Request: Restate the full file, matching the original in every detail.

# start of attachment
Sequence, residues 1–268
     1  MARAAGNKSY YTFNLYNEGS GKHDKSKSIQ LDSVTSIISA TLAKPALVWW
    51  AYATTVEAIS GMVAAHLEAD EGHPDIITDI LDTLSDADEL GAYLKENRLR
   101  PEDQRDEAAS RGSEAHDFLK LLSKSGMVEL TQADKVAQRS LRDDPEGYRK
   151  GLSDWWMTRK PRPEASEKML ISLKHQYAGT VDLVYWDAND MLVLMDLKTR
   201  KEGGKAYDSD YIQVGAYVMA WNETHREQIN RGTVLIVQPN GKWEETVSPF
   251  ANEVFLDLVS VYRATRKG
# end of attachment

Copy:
Sequence, residues 1–268
     1  MARAAGNKSY YTFNLYNEGS GKHDKSKSIQ LDSVTSIISA TLAKPALVWW
    51  AYATTVEAIS GMVAAHLEAD EGHPDIITDI LDTLSDADEL GAYLKENRLR
   101  PEDQRDEAAS RGSEAHDFLK LLSKSGMVEL TQADKVAQRS LRDDPEGYRK
   151  GLSDWWMTRK PRPEASEKML ISLKHQYAGT VDLVYWDAND MLVLMDLKTR
   201  KEGGKAYDSD YIQVGAYVMA WNETHREQIN RGTVLIVQPN GKWEETVSPF
   251  ANEVFLDLVS VYRATRKG